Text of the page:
An exhibition of painting and prints by Russell Lilford
3 March - 3 April 2020
The world at large has become a very polarized place, people's beliefs are forefront to their attitudes towards the planet. By using iconic myths such as Angels, I have attempted to paint a different light on the social language of myth. In the process of making this work my notions of the spiritual has been challenged, the mystical has unravelled to leave a singularity to which a visual iconic myth is secondary to a twisted metaphor. My ideas around truth are laid to waste by distorted realities and concepts of god. The creative process is the extension of my being, colour, pattern and rhythm announce the painted sound of my expression.
Tuesday 5 May - Friday 29 May
‘Plasticity’ as an exhibition is an invitation to reflect on the omnipotence of plastic in our everyday lives. The amalgamation of plastics with organic bodies and natural environments is explored using plastic waste as an art medium. ‘Plasticity’ refers to the malleability of plastic, its capacity to mimic properties of natural materials and organic bodies, and to adopt seemingly infinite textures, forms and shapes.
The environmental, ecological and biological consequences of household plastic waste is receiving global and local attention. Governments across all levels are confounded by issues and challenges attached to its use and disposal. First invented in 1907, plastic is now seemingly indispensable to human activity; it is present in practically every hour and space of our lives. In just eleven decades plastic has become established as one of the cheapest, most useful, and durable materials ever invented. It is modern industry’s most disregarded and readily discarded product. Half of the plastic produced in the world is single-use, eight million tonnes enter our oceans each year[i], and more than 60 million plastic bottles are disposed of everyday.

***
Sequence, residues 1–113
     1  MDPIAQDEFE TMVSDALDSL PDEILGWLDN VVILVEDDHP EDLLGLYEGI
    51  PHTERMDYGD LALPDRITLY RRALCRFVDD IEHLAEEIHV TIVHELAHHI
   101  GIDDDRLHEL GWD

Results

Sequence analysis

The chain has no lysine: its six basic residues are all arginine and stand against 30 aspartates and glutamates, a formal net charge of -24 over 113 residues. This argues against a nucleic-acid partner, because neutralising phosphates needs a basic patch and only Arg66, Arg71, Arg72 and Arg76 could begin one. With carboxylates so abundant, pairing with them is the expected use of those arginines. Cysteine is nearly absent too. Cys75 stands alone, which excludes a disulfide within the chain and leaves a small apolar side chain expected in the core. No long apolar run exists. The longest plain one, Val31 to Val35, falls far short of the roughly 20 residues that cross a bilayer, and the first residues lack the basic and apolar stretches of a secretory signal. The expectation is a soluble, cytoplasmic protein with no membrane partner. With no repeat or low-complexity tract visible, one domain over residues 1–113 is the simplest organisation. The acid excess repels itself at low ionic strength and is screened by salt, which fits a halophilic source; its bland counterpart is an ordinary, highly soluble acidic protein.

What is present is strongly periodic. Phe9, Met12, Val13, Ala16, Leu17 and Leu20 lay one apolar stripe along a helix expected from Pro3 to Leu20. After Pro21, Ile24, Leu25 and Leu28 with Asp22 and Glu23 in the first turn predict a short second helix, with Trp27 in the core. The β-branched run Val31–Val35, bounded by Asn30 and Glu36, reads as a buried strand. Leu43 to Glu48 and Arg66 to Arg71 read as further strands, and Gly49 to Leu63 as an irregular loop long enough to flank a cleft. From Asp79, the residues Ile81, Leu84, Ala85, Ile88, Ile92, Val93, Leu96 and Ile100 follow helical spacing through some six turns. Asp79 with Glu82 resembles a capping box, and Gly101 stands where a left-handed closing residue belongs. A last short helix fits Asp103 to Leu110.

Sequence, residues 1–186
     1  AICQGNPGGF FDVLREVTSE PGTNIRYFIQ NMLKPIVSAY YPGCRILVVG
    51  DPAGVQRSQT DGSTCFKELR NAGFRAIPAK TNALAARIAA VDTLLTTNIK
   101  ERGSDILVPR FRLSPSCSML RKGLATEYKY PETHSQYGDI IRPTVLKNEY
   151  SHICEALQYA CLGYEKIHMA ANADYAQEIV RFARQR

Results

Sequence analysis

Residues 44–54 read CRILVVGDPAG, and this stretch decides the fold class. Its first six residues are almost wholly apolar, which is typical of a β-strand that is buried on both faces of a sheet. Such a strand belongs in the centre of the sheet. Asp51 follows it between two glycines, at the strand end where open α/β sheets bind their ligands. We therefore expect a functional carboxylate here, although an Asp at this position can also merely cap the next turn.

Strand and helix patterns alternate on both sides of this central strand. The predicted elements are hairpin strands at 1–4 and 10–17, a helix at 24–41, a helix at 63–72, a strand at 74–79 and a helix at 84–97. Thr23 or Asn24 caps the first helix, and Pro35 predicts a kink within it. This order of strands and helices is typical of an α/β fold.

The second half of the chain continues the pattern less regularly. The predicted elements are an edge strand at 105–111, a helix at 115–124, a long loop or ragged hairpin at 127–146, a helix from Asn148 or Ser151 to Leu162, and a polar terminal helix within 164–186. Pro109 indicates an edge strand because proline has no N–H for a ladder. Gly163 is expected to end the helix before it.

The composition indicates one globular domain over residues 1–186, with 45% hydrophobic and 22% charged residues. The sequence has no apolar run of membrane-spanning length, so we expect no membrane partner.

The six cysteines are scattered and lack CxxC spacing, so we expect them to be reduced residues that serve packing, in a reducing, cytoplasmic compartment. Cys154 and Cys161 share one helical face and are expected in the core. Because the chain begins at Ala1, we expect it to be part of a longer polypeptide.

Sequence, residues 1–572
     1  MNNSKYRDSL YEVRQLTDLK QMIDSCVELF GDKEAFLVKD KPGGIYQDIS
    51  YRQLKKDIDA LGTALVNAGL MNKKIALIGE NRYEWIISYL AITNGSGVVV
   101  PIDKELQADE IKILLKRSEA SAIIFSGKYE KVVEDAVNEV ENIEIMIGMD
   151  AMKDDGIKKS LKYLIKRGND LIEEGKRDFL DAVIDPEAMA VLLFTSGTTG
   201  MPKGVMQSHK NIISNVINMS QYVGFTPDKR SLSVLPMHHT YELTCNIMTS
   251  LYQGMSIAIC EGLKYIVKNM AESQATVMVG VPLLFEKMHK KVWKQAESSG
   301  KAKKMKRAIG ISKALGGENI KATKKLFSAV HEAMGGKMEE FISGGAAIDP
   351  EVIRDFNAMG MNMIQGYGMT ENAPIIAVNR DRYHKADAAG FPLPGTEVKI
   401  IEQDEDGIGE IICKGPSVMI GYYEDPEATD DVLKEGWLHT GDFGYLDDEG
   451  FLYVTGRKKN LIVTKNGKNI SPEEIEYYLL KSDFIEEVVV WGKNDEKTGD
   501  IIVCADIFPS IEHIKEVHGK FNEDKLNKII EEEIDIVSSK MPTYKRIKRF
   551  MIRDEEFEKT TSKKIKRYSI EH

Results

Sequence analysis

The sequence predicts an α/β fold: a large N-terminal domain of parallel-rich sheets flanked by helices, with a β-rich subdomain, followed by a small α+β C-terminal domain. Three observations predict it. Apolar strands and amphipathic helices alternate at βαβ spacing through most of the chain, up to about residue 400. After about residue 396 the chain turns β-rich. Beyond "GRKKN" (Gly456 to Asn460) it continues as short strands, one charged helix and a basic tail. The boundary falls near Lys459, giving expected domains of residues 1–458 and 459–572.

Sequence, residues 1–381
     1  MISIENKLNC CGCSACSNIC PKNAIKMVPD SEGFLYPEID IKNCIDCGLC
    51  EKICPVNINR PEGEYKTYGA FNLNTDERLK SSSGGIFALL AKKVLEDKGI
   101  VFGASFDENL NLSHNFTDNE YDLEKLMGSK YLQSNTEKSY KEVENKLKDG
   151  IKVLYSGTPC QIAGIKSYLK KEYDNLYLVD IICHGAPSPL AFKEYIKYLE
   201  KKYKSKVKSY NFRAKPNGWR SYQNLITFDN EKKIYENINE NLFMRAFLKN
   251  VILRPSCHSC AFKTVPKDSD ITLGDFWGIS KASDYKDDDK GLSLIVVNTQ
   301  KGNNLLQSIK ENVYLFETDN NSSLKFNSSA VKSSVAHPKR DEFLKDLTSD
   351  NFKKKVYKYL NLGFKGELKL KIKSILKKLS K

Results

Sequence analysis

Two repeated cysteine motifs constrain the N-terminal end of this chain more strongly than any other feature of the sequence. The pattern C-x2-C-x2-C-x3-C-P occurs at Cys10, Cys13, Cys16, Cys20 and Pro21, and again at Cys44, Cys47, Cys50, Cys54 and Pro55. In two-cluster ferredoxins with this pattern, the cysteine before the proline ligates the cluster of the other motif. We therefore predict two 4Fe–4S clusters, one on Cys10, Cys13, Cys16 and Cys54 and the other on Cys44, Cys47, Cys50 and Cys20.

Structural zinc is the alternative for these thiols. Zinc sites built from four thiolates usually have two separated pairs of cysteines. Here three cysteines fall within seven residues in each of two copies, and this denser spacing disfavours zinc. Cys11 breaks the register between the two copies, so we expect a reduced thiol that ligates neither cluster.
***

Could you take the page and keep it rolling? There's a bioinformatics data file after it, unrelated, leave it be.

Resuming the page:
With these concerns in mind, I collected all plastic waste generated by my household over a 12 month period, that in the past would have been sent to landfill or recycled, was gathered, washed and reused. I photographed each week’s plastic waste, and at the end of every four weeks created sculptures and associated artworks.
Tuesday 2 June - Friday 3 July
Netherlands-born Lucy Chapman divides her work between Botanical Art, Nature Surrealism and Contemporary Abstract. Her Winter Journey exhibition hung on the WGAC ground floor comprises 24 nature-surrealist paintings inspired by the 24 respective songs of Schubert’s Winterreise. Her first-floor Botanica et Avia exhibition features paintings of botanical subjects and birds.
Tuesday 6 October- Friday 30 October
Two passionate and accomplished artists, Cheryl Cook and Joan Best, explore Gippsland’s natural treasures. They bring to life the essence of our diverse environment using a variety of techniques including textiles, altered leaf prints, stitch and ceramics. The works are structurally powerful yet delicate and emotively capture the artists’ experiences. The body of work reflects the varied responses of the two artists and the richness demonstrates their love of and commitment to Gippsland.